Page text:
Osaka’s two airports: Kansai and Itami

Last update:2018-02-07 22:47:15

Being the second largest cosmopolitan area in Japan after Tokyo, over 9.4 million foreign tourists visited Osaka in 2016. As it can get quite confusing for travelers when booking a flight to the city, let’s quickly go through it’s two airports: Kansai International Airport (KIX) and Itami International Airport (ITM).


Located 50km south of Osaka, the Kansai International Airport opened in 1994 and took over all international flights from Itami Airport, as well as some of the domestic flights.

The airport has two terminals, with Terminal 2 being exclusively for low-cost carriers. However, it has fewer bus connections and no train station, but is connected to T1 with free shuttle buses.

As for the transportation to Osaka, you can either take the airport limousine bus or the train, which is the relatively cheaper and quicker option. There are three different trains: Nankai Railways that goes to Namba and Shinsaibashi (area for shopping and nightlife), JR Haruka train that goes through Osaka, Kyoto… etc, and JR airport rapid train that also connects the airport to Osaka.

ITAMI (OSAKA) International Airport

Located about 10km north of Osaka, Itami International Airport is no longer the international airport of Japan, but the name was left unchanged after being taken over by Kansai International Airport. It is classified as a first-class airport and is now entirely domestic, with 30+ destinations across Japan.

To reach Osaka from Itami Airport is quite simple: you can either take the airport limousine bus, or the Osaka Monorail for a slightly cheaper option. With the monorail, transfer at the next station Hotarugaike to the Hankyu Takarazuka Line for Umeda Station.

To summarize, you will be flying into Kansai Airport if you’re arriving from another country, and probably into Itami Airport if you’re just flying from another Japanese city!

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Your trip in Taiwan has come to an end, and you have one last day to buy a little something for your friends and family back home. But there is a problem: there are way too many things to choose from!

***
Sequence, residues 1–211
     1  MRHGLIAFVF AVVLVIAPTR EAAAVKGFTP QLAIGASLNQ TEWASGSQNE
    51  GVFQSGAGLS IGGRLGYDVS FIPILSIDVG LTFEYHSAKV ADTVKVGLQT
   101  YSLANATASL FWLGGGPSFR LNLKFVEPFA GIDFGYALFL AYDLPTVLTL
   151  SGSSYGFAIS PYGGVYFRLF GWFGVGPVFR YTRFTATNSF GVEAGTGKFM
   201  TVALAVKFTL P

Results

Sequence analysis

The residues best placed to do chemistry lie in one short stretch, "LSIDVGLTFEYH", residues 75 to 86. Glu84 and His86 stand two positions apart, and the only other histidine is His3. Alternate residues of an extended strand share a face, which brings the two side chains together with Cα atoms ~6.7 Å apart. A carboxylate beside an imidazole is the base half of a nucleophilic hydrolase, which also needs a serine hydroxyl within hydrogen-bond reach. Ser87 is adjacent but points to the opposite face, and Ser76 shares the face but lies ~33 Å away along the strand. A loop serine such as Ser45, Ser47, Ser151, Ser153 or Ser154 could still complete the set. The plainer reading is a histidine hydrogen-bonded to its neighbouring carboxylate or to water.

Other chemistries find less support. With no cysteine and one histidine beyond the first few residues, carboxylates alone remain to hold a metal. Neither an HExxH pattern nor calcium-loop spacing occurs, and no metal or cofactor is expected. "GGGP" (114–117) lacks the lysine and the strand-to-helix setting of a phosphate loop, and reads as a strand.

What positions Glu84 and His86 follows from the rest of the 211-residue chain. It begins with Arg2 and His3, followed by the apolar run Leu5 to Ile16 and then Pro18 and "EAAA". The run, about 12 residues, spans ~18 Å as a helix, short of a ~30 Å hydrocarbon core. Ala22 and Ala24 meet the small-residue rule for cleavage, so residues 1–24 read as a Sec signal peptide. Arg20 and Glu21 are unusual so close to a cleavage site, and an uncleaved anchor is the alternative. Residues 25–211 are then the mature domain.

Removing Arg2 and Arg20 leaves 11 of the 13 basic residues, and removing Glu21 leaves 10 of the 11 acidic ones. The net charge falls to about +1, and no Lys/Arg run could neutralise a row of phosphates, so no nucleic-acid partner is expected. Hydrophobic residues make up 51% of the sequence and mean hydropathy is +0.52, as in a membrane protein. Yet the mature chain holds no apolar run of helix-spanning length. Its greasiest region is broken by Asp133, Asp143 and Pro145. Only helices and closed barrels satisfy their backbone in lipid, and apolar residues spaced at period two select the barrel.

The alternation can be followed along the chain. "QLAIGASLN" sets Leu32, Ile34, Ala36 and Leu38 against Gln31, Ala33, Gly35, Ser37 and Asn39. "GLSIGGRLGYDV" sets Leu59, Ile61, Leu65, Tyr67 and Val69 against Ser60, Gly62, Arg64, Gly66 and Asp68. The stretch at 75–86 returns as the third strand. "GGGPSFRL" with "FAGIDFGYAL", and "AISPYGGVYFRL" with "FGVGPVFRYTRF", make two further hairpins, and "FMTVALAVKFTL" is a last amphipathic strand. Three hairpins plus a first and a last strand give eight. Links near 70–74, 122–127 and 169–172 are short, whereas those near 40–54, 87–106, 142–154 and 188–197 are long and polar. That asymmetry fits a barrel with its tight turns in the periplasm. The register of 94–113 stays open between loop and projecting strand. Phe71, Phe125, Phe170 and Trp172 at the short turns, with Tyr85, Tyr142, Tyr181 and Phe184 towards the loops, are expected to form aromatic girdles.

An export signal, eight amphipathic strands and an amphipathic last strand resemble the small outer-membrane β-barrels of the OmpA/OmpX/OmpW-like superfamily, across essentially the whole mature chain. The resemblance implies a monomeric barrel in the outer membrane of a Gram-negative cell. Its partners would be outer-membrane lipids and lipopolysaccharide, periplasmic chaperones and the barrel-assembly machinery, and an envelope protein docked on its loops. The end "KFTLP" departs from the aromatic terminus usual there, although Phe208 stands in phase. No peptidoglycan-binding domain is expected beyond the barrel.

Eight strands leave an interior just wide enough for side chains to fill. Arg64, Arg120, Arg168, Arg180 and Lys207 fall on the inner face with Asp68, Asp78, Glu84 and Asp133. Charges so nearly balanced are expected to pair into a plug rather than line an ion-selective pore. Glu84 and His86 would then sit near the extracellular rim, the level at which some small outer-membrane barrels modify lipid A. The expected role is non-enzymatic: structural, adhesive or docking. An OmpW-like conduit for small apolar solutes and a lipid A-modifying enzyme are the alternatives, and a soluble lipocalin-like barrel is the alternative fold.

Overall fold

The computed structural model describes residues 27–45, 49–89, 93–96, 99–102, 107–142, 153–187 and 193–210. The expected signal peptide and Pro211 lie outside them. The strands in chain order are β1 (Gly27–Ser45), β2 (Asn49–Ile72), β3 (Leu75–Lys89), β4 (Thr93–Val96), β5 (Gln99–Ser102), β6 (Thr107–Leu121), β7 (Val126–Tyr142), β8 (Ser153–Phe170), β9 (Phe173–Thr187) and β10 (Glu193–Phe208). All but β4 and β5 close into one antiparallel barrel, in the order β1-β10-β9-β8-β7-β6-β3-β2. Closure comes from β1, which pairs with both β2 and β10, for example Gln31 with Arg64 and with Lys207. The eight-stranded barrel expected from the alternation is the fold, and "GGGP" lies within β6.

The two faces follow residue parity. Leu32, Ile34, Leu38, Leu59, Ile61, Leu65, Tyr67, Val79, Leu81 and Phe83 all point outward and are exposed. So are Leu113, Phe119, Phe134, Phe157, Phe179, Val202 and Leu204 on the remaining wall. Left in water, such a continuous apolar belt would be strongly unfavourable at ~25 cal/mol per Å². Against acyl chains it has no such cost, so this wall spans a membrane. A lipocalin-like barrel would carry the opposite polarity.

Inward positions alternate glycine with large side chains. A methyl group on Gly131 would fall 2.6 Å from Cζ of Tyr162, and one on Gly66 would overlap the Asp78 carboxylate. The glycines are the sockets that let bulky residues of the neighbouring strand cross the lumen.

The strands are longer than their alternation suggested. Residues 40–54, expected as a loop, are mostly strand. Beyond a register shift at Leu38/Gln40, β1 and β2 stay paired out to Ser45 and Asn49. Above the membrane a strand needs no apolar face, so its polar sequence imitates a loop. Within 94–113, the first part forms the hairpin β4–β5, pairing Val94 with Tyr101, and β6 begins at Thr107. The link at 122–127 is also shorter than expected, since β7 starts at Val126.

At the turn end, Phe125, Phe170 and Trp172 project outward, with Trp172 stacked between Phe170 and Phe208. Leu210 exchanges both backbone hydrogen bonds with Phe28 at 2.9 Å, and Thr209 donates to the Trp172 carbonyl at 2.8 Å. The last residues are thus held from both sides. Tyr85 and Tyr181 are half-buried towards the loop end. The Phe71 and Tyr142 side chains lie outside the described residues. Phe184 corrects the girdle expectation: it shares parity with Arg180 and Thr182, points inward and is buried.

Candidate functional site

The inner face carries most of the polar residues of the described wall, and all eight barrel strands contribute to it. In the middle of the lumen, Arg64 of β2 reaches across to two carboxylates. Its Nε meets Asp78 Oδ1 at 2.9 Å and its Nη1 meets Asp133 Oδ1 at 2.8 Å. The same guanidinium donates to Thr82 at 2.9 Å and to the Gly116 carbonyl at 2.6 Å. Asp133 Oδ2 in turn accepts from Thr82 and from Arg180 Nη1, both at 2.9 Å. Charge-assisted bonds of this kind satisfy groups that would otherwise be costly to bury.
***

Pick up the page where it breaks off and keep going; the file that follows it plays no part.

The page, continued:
So we decided to make it easier for you. Here are a few must-buy souvenirs that you would only find in Taiwan and nowhere else in the world.

  1. Pineapple cake                                                                                                                                                              

First on the list is pineapple cake, no surprise there; it is the most famous and popular snack that tourists buy when they visit Taiwan. Its sweet pineapple filling is appealing to most, but they also come in other flavors like mango and blueberry.

Best brands: SunnyHills, Shun Chen Bakery, Chia Te Bakery

2. Fine tea leaves

Tea has always been Taiwan’s main agricultural product, and of the many tea varieties Taiwanese Oolong is one of the best in the world, and Ali Mountain tea is a must-try as well especially for tea lovers. You can even buy some of those cute fish-shaped tea bags (the brand is called Charm Villa)! When you make the tea, it’s as if a goldfish is swimming in your cup. It will be a huge hit!

Best varieties of tea to buy: Teiguanyin, Alishan Hight Mountain, Dongfang Meiren

3. Kavalan whiskey

Bottles of single malt whisky of Taiwanese distillery Kavalan are offered at Glen Fahrn liquor store in Zurich, Switzerland June 7, 2016. REUTERS/Arnd Wiegmann - RTX2INKC

Bring a bottle of Kavalan whiskey for your coming-home party! Known for its tropical-fruit style (with hints of grape, green apple and sweet pineapple), it has been named the 2015 world’s best single malt, and was even featured in Time Magazine.

4. Oilpaper umbrellas

Why not buy something a little bit more special? For Taiwan’s 4.2 million ethnic Hakka people, the brightly colored umbrella symbolizes good fortune and prosperity. Originally used for protection from rain and sun, and in wedding ceremonies as a rite of passage, they are now mainly bought as decorations.